Amending Tezos

Traversing the amendment process

Jacob Arluck


Updated for 2020: Diagram updated for post-Babylon (Credit to Pietro Abate for the update)


Tezos is a self-amending blockchain network which incorporates a formal, on-chain mechanism for proposing, selecting, testing, and activating protocol upgrades without the need to hard fork.

In this post, I describe how the Tezos amendment process works in practice and propose several ways to improve it in the near-term. Deeper questions, like splitting voting rights from consensus, or how amendments should be funded on-chain are outside the scope of this post, but important topics for future consideration.

This piece assumes a basic knowledge of Tezos baking. I recommend reading “It’s a baker’s life for me” and the Tezos proof-of-stake documentation to get started.

* I use the expression “amendment process” instead of “election cycle” to avoid confusion with “cycles” of baking.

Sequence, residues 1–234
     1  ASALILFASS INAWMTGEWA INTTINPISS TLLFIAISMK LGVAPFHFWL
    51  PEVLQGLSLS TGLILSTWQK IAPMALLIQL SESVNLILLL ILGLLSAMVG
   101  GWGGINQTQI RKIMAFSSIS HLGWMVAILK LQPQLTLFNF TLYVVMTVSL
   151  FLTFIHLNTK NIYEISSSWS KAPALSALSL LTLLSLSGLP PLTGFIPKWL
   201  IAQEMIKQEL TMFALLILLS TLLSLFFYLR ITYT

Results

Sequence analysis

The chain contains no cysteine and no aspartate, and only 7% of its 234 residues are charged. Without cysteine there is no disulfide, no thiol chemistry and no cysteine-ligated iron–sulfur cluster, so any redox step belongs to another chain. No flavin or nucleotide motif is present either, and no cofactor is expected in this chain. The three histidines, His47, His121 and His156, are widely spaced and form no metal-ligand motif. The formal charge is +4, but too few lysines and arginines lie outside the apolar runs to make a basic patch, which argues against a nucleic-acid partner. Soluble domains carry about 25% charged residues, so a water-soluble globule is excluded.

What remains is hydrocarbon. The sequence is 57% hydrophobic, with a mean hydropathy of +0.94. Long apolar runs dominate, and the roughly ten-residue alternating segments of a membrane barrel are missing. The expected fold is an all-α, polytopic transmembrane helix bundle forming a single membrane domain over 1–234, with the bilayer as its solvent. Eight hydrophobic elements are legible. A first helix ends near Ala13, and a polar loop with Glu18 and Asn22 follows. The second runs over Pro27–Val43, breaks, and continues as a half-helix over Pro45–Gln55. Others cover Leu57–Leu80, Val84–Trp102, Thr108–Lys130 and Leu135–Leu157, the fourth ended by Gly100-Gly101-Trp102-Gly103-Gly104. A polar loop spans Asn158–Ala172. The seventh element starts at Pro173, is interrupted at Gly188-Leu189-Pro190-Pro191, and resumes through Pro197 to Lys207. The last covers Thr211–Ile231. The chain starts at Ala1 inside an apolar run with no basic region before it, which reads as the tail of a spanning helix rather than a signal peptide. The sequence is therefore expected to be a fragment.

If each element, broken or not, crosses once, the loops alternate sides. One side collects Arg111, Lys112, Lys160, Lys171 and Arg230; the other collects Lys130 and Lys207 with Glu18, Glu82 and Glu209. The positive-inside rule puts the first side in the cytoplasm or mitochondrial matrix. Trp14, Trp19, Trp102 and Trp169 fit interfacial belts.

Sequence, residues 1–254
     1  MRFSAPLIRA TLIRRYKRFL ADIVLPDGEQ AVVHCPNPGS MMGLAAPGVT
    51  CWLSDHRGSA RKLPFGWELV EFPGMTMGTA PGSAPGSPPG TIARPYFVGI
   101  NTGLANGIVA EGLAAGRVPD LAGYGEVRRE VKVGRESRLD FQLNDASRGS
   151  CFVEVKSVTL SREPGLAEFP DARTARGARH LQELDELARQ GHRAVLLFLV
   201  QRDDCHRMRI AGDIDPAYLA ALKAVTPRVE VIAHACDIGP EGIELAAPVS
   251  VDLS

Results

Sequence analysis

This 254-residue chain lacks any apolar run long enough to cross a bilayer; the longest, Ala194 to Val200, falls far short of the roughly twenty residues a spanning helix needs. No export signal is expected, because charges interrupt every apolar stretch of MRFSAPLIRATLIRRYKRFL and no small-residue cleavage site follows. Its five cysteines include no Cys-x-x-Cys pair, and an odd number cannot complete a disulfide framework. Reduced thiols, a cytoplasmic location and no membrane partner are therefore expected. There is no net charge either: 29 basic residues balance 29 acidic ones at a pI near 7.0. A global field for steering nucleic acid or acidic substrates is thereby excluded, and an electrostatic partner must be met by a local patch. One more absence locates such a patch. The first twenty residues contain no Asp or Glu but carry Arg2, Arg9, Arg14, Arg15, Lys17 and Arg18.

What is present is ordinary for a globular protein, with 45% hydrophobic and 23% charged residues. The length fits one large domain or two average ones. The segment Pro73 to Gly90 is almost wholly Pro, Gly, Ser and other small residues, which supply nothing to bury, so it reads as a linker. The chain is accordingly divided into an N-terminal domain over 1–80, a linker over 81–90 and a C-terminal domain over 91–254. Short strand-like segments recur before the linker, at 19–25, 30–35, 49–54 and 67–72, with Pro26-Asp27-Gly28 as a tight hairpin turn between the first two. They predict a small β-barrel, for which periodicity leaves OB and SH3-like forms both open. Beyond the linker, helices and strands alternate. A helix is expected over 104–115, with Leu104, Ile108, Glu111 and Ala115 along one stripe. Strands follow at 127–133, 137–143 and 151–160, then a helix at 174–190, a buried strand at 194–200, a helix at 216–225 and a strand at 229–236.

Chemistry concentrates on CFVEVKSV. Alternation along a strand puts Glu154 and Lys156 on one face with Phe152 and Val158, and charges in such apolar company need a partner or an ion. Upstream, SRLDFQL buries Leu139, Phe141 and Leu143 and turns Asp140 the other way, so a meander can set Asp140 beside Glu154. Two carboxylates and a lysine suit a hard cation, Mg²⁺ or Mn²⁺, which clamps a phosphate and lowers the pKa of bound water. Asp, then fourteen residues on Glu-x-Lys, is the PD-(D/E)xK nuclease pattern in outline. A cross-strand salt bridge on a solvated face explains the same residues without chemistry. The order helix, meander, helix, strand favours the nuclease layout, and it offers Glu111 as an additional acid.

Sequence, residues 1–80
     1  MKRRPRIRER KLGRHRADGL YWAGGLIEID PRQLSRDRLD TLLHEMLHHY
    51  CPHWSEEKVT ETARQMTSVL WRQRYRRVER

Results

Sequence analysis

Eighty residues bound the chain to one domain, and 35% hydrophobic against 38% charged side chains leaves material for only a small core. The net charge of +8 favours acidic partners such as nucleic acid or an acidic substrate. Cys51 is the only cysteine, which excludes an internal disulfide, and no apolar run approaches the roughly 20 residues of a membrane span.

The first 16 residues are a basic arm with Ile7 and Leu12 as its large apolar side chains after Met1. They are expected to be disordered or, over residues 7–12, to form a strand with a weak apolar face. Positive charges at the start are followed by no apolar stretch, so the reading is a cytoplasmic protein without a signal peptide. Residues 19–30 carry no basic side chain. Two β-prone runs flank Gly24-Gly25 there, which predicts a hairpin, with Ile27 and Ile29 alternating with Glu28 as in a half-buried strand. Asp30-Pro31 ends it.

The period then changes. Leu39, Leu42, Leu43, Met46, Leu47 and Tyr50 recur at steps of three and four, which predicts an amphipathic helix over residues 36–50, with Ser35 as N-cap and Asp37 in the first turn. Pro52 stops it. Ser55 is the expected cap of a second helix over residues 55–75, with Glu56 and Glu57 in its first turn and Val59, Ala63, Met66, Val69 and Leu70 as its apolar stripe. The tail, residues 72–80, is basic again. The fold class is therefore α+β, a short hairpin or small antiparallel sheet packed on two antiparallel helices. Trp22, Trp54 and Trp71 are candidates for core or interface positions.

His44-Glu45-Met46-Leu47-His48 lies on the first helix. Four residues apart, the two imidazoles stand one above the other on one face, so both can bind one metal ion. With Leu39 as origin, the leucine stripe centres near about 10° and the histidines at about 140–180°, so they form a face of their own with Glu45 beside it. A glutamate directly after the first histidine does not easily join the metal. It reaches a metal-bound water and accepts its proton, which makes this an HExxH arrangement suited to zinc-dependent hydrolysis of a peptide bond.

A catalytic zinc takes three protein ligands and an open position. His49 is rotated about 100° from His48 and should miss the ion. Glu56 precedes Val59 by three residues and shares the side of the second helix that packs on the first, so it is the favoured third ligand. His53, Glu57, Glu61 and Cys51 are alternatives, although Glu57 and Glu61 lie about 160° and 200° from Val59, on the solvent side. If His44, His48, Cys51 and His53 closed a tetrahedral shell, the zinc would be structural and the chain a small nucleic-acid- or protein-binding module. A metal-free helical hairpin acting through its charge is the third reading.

Understanding the Tezos amendment process

The amendment process can be broken into four discrete periods: the Proposal Period, the Exploration or “Testing” Vote Period, the Testing Period, and the Promotion Vote Period. Each of these four periods lasts eight baking cycles (i.e. 32,768 blocks or roughly 22 days, 18 hours), comprising almost exactly three months from proposal to activation.

As summarized in the flowchart diagram below, any failure to proceed to the subsequent period reverts the network back to a Proposal Period. In other words, failure to proceed restarts the entire amendment process.

This is precisely what has been happening since the Tezos genesis block was adopted by the community in June. In the absence of any proposals, a new proposal period has restarted every eight cycles since Block 1.

So how does it work?

  1. Proposal Period

The Tezos amendment process begins with the Proposal Period, during which bakers can submit proposals on-chain via the proposal operation, which takes “source”, “period” and “proposals hash” as parameters. The “source” is the baker who submits the proposal operation, the “period” specifies the specific proposal period in which the proposal was submitted, and the “proposals hash” is the hash of the tarball of concatenated .ml/.mli source files.